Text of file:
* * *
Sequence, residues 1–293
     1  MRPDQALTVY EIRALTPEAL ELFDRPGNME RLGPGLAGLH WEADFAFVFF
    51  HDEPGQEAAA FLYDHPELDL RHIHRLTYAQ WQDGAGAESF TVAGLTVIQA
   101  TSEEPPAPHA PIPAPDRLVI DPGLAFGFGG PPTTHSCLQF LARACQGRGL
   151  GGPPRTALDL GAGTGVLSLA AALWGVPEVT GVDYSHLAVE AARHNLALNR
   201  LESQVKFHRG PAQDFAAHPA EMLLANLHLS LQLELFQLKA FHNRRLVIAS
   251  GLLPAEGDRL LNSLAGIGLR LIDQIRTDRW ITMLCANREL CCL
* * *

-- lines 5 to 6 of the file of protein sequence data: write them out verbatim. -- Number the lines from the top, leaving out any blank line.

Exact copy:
   151  GGPPRTALDL GAGTGVLSLA AALWGVPEVT GVDYSHLAVE AARHNLALNR
   201  LESQVKFHRG PAQDFAAHPA EMLLANLHLS LQLELFQLKA FHNRRLVIAS